Actually, Japan suffered the same problem before World War II: farmers in rural areas were poor compared to workers in urban areas. Most of them were peasants who had to pay a landlord nearly a half of their rice harvest as farm rent. They also had to spend the revenue from the remaining half of rice on fertilizers to be used for the next year's rice production. As a result there were many farmers who could not eat the rice they had produced. This situation reached its worst in 1930 when the effects of the Great Depression hit Japan. This coincided with the full harvest which had the result of causing a collapse in the price of rice. In the following year the Tohoku and Hokkaido regions suffered a serious harvest failure. There were many parents in rural areas who had to sell their daughters into prostitution.

Older people may remember the name of Mr Takekazu Ogura who is called the 'father' of the Agriculture Basic Act in 1961 and served as the chairman of the governmental tax commission for 16 years after his retirement from the then Ministry of Agriculture and Forestry (MAF). Officials who joined the MAF before World War II including Mr Ogura saw such misery among farmers and were determined to reduce poverty in rural areas. Such officials included Mr Senichi Tanigaki who is the father of Mr Sadakazu Tanigaki, the current Minister of Justice, and Mr Masayoshi Ito who refused to be appointed Prime Minister and President of LDP when the Takeshita cabinet resigned en masse because of the Recruit scandal in 1989. He said that "Nothing will change by changing the cover of the book unless you change what is written in the book."*1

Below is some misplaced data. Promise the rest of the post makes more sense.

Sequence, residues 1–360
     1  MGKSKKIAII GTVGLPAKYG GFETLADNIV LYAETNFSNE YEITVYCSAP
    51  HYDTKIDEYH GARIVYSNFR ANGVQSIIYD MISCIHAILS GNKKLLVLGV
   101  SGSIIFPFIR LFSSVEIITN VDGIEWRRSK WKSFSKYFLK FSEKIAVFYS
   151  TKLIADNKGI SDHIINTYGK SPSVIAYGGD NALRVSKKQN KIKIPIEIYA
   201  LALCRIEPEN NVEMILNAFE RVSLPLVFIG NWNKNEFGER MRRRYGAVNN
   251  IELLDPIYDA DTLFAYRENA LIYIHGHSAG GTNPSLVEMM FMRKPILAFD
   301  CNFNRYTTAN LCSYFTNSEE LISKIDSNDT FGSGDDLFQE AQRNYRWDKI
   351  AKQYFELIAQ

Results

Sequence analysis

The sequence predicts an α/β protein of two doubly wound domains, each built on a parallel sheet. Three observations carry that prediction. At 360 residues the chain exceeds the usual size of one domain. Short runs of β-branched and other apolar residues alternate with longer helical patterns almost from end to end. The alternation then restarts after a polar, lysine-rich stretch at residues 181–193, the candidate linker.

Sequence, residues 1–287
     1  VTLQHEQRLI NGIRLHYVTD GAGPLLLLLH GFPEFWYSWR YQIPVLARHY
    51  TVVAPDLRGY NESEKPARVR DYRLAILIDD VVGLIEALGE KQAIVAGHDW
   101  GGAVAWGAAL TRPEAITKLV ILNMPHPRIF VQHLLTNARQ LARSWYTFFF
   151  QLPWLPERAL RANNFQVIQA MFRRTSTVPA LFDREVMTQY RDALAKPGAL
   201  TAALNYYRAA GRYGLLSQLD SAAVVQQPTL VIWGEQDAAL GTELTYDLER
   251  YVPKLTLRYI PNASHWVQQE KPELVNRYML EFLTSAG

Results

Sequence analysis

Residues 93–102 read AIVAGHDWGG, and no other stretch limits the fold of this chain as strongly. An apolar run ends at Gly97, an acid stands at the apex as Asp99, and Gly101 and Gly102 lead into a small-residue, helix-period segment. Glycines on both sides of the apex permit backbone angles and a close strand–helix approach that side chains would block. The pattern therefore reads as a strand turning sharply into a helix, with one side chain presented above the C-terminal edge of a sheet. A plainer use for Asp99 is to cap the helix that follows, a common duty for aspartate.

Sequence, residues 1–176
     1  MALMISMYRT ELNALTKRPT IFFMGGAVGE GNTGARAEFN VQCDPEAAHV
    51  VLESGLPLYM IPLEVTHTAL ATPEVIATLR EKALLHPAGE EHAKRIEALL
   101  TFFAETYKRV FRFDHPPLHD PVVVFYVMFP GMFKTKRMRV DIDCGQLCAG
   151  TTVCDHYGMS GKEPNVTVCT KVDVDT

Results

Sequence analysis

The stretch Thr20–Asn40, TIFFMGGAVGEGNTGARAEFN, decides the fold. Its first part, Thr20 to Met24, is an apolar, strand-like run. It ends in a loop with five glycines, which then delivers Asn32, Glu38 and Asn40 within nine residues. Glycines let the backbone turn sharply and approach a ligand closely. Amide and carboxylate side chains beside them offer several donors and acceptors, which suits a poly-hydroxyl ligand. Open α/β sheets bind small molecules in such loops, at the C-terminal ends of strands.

In order to improve the situation of peasants before World War II MAF's officials persistently challenged the politicians who represented the interest of landlords in the Imperial Diet. Their untiring dedication and unceasing efforts resulted in the agrarian reform immediately after World War II. Many school history textbooks stated that the agrarian reform just after World War II was carried out by the occupation forces: the General Headquarters of the Allied Forces (GHQ). However, among the Japanese post-war economic reforms made by GHQ, including dissolution of the Zaibatsu (industrial conglomerates), the agrarian reform was the only one initiated by the Japanese government, specifically the MAF. Needless to say, GHQ helped the MAF to persuade the politicians of conservative parties who were against the agrarian reform. However, it was the MAF that designed and implemented the agrarian reform. Mr Ogura was the MAF's Director in charge of the second draft of the Agrarian Reform Act.

3. How do you see the current status of the farmers in rural areas?